Venezuelans choose Chavez over the corporations
Hugo Chavez’s fourth election victory in a row was achieved on a turnout of 81% of the 19 million Venezuelans registered to vote, which is in stark contrast to falling turnouts in Britain and the upcoming US presidential election in which 50% may stay at home.
Chavez is a real hate figure not only for the right everywhere, but also for the liberal press in Britain. The Guardian has been predicting his imminent demise at every election since the first and published dire predictions of violence if there was a close result – all proved 100% wrong!
The Independent reports claims that Chavez bribed people to vote for him by “spending heavily on public housing and bankrolling expanded social programmes”. Apparently, during the first quarter of 2012, the construction sector expanded by nearly 30% compared with the same three months of 2011.
Sitting here in the UK where Osborne is about to announce another £12bn of cuts, you have to say: “Why can’t we have such bribes – we have oil and gas reserves too.”
Well, now I’ll do a bit of Independent/Guardian style speculative reporting. Whilst Henrique Capriles, a right-wing businessman, presented himself as left of centre and insisted he would not privatise oil and halt the social programmes, I say he would have!
He would have stopped the oil-for-loans programmes, abandoned existing contracts and brought in the big corporations like BP and Shell. He would have turned the 100,000 state oil corporation workforce over to them to deal with as they saw fit. He would have given them access to unlimited profits, in return for small percentage payments to his government and big bribes to his friends. Just as well he didn’t win and have the chance to prove me right.
Venezuela has the world’s largest oil and gas reserves, and the corporations have been greedily eyeing this prize for years and hate Chavez for keeping it from them. Because of limited access to expertise, it has proved hard for the Venezuelan state oil corporation to improve oil facilities and infrastructure. The explosion at the Amuay refinery in August in which 42 people were killed underlined this.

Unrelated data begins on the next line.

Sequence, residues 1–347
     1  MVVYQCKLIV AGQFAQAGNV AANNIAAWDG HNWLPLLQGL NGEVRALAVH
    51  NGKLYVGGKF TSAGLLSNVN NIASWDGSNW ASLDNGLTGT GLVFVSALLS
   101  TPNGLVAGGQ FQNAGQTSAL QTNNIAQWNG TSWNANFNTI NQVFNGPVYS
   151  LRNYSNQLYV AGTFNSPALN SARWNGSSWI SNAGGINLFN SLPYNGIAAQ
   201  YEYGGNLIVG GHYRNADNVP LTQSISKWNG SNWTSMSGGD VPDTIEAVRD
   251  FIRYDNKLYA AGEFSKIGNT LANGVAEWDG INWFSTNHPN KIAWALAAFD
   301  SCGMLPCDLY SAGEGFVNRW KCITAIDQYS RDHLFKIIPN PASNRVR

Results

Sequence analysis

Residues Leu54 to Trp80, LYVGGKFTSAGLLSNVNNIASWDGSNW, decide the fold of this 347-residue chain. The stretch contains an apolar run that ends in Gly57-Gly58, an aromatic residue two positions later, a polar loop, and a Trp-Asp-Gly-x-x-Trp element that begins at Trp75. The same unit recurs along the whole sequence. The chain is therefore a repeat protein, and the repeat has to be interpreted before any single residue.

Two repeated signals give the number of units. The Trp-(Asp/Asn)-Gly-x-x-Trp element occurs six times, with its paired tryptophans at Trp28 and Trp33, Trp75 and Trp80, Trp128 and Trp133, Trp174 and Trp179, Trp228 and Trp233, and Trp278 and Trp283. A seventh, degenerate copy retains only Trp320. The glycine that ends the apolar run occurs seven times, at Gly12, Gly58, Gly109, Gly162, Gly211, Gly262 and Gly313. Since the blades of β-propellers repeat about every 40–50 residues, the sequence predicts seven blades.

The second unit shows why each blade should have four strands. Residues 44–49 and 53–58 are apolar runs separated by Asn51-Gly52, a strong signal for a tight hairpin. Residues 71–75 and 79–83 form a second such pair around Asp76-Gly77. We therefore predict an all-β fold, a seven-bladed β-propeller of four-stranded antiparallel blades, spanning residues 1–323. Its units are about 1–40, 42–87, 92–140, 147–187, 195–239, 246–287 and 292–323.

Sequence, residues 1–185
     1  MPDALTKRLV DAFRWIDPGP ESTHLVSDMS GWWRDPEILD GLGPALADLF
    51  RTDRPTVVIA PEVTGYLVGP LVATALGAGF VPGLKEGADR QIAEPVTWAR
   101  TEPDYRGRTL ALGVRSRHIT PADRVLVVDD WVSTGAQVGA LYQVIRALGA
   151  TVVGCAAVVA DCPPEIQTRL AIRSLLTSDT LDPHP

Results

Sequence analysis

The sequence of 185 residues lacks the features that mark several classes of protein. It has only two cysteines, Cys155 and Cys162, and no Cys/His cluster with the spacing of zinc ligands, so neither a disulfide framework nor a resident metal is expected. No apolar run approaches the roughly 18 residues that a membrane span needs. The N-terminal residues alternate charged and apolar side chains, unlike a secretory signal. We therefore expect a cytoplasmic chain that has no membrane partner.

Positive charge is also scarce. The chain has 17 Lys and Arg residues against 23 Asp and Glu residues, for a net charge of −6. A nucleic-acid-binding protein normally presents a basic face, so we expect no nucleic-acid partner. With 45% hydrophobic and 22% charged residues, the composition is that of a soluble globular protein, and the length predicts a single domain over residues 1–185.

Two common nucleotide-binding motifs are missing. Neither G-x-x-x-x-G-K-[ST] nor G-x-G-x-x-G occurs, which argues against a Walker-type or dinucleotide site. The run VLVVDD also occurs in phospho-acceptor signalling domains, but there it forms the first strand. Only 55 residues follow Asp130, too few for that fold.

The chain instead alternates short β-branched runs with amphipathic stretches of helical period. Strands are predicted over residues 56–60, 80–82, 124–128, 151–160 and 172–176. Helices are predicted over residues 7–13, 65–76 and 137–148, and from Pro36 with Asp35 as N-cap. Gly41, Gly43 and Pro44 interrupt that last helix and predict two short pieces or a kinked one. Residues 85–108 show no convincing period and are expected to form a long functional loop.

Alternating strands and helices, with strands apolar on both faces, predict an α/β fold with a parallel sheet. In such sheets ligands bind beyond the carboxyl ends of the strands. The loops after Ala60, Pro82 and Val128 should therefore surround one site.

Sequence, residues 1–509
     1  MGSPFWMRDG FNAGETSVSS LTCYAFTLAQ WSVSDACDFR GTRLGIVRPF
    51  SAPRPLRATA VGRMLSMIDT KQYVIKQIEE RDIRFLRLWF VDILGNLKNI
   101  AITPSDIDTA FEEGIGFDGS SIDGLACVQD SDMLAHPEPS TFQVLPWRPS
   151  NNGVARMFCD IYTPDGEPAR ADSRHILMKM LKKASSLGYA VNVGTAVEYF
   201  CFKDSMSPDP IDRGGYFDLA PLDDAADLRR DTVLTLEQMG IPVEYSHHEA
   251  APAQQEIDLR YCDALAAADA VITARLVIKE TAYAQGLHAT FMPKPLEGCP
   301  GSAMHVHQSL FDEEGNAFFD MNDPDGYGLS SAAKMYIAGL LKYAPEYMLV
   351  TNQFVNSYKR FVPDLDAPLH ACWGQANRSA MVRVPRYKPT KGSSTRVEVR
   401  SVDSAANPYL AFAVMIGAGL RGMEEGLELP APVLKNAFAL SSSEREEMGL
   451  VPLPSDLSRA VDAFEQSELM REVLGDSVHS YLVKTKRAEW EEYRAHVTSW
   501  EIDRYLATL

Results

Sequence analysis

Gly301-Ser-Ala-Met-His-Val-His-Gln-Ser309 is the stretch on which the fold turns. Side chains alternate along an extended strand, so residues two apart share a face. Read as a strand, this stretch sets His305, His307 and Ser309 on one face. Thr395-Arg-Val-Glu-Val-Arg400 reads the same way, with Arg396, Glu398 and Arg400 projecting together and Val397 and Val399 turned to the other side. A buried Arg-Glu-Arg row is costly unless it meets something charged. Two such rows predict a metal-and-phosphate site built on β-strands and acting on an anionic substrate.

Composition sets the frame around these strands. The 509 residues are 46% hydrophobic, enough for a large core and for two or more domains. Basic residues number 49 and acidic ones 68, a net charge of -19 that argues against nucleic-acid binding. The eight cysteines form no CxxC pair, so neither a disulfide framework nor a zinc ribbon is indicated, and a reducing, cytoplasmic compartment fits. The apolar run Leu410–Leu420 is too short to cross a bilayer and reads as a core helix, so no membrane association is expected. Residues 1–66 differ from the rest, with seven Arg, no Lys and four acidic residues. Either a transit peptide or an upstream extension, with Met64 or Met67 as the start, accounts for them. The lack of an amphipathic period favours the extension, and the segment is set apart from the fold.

It has not even begun exploiting its gas reserves, and with refining capacity limited, this energy-rich country struggles to ensure power supplies and affordable energy. Petrol prices are extremely low but only because of a state subsidy.
To afford extensive social programmes and universal health and welfare benefits, the MVR government has been pushed to all sorts of fixes and deals. It has had $42bn in loans from China over the last five years. Of the 640,000 barrels of oil a day that Venezuela exports to China, 200,000 of them service this debt.
Chavez’s manoeuvring has, however, made him an apologist for reactionaries like Mahmoud Ahmadinejad of Iran and Vladimir Putin of Russia, party because those countries will make oil deals with Venezuela without demanding entry into the unregulated global market.
Venezuela is not immune to the problems of bureaucracy that afflict all attempts to build socialism centred not on popular ownership but on state control. Inflation is high and rising, and many state-owned industries are inefficient and corrupt.
But Venezuela is not some Stalinist state whatever liberal critics claim. The constitution has been reformed and there are popular committees with a real say. A recent poll showed that half the population of Venezuela agrees with the idea of building a socialist country, against 29% who opposed it.
Since Chavez became president in 1999, income inequality in Venezuela has been declining, and it has the fairest income distribution in Latin America. Government expenditure has risen 30% in real terms in the last year, whilst GDP increased by 5.4%.
Chavez has tried to follow a path that avoids putting the global corporations in control of his country’s assets, and to use them, however imperfectly, to improve life for the people.
That makes him a thorn in the side not only of the right, but of so-called liberal media who hate trade unions, mock socialism, despise universal benefits and continually tell us such things are hopelessly out of date and unattainable.
8 October 2012